Arlington National Cemetery is a unique place. I have traveled to our nation’s capital many times and I still get excited every time I go. My wife spent a few months living there during a college internship way back in the 90’s, and her brother was stationed there as an officer in the Navy during that same stretch. Embarrassingly, neither one of us had ever been to the cemetery until Thursday afternoon.
I remember my first trip to Washington vividly. On that trip, I visited the Holocaust Museum. A colleague and I skipped out of the conference we were supposed to be attending and spent a few hours going through the experience like a couple of tourists. I thought I knew about the Holocaust and was honestly curious why a museum for it even existed. It turns out I didn’t know all that much about it. More importantly, I didn’t feel it. I do now.
The context of a person’s life or the times in which we are living is so important when visiting places like these. I will always remember what was going through my head when we were walking up the hill to two of the more famous gravesites at the cemetery.
At home in Indiana, our Attorney General, Curtis Hill was completing his testimony in defense of allegations of his misconduct before the Indiana Supreme Court Disciplinary Commission. This is another shameful chapter in the book on Hill stemming from accusations that he groped four women at a party in March of 2018. It concluded with an extreme sense of clarity that Hill did exactly what these women say he did. It follows a damning report from the Indiana Inspector General last year that ended with an identical conclusion.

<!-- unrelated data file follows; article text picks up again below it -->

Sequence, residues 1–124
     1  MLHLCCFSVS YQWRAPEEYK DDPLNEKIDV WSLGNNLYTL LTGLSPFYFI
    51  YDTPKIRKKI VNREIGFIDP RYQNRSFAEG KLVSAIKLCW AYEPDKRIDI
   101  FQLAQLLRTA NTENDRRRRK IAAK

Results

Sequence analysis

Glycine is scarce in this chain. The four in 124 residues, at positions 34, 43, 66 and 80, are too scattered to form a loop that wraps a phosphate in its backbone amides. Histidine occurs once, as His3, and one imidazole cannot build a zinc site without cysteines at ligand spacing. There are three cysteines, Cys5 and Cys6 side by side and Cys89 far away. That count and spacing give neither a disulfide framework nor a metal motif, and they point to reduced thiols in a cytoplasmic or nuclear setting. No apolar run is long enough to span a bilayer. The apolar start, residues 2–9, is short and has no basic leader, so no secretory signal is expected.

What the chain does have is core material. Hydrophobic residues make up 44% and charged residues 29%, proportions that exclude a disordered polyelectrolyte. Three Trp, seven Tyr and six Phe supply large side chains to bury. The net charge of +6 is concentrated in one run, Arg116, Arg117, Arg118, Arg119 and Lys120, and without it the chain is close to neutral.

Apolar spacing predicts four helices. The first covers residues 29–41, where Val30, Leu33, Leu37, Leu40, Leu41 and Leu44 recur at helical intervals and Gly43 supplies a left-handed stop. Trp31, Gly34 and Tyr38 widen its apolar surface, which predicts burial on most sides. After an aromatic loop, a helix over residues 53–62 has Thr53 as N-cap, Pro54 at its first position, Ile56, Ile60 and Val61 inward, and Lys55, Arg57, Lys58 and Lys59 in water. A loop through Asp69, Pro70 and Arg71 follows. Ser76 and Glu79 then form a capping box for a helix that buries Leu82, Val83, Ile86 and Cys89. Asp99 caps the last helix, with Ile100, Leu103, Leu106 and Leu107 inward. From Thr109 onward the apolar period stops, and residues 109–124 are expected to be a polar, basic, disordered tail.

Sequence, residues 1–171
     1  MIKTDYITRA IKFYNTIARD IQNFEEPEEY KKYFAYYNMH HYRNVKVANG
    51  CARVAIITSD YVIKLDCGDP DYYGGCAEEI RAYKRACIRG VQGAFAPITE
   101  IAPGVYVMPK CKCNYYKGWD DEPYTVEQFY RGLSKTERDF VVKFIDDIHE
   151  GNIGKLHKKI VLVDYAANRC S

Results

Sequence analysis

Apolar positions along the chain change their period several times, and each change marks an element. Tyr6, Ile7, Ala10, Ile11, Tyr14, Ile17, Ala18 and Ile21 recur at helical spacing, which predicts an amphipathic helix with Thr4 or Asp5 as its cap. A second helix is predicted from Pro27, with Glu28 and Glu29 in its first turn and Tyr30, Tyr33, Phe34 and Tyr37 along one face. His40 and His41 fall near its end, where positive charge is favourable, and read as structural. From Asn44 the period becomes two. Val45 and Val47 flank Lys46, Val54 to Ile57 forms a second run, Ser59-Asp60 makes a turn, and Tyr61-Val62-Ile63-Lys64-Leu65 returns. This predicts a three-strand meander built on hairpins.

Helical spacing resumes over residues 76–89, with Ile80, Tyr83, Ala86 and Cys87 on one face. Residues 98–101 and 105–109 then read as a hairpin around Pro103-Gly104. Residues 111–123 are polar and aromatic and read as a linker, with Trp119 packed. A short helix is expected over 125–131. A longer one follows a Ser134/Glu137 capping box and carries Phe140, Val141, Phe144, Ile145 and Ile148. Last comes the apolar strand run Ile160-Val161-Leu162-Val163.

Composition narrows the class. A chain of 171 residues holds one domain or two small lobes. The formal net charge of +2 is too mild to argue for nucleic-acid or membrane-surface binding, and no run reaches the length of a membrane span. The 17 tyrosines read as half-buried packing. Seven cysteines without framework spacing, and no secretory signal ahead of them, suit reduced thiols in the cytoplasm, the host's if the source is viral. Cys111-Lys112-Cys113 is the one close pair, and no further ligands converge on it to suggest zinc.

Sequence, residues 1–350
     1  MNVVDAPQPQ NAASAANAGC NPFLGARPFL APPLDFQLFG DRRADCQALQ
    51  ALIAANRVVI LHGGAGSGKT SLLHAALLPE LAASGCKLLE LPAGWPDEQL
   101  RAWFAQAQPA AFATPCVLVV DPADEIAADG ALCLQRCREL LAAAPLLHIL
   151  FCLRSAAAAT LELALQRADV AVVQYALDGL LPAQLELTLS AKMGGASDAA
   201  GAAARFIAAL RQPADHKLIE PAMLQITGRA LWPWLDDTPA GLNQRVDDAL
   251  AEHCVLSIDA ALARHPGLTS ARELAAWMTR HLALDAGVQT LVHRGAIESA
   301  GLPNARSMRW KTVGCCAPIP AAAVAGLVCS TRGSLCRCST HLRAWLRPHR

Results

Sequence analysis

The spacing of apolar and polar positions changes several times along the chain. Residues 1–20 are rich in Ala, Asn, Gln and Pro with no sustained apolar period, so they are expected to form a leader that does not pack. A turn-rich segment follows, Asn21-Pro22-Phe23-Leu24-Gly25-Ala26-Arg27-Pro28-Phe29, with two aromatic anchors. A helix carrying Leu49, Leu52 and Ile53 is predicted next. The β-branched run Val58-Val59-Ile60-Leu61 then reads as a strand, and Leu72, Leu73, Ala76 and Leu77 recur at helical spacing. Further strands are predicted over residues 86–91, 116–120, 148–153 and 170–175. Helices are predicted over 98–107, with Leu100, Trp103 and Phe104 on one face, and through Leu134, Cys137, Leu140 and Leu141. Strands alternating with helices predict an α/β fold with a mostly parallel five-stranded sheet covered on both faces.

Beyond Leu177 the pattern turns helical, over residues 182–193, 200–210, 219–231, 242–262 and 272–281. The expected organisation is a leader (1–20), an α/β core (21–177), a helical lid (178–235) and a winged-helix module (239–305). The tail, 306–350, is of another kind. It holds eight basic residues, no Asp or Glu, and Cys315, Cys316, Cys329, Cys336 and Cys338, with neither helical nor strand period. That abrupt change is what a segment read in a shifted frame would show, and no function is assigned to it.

He is as guilty as the day is long. Hill and his team would like Hoosiers to believe that the entire matter is tinged with political motivations and is somehow a conjured and coordinated smear on him. Putting aside how the management in the Statehouse handled its review and response to the reporting of the incident to them, there is no inkling of any political consideration in the matter for the women. They are not simply “accusers.” They are victims.
Reducing the matter to political terms perpetuates the victimization of the four women. It is difficult to look to our state’s top legal officer with faith anymore. Whether he is sanctioned by the disciplinary commission or not, he will always be exactly what these women say he is. He should be ashamed of himself for what he did at that party, but he should also be ashamed for the way he has handled the legal processes that have followed.
There is simply no honor in any of it.
In Washington, the U.S. House of Representatives is deep into the investigation phase of our nation’s fourth impeachment inquiry. The last couple of weeks have been a whirlwind of activity that have produced damning evidence that President Donald Trump broke specific laws and abused his power in his dealings with Ukraine. The substance of the matter has left the president’s defenders with nothing to do but engage in unhinged attacks on the process of the inquiry.
That controversial process is the same process that was used in the 2015 Republican Benghazi investigation. Primarily, the complaint is that the investigation is being held behind closed doors and Republicans think that this part of the process should be in public. It is as if they want America to believe that there won’t be public hearings in the House in the coming weeks, and a full blown trial in the Senate. There will be.
So, when embarrassing stunts like the Rep. Matt Gaetz-led storming of the secured committee room occur on Wednesday, many in America are confused. When Senator Lindsey Graham pushes a resolution condemning the House process, again many Americans don’t understand that much of it will be moot following the public hearings that will occur before a House vote.
These spin stunts are childish attempts to change the story that what has happened with Ukraine is absolutely impeachable. Again, there is simply no honor in any of it.
As I watched the changing of the guard at the Tomb of the Unknown Soldier at 3:00 on Thursday afternoon, I was overcome with gratitude toward the men and women who were laid to rest there. The honor of them makes tolerating the dishonor of our times even less tolerable. On my next visit, I hope we will have risen above it.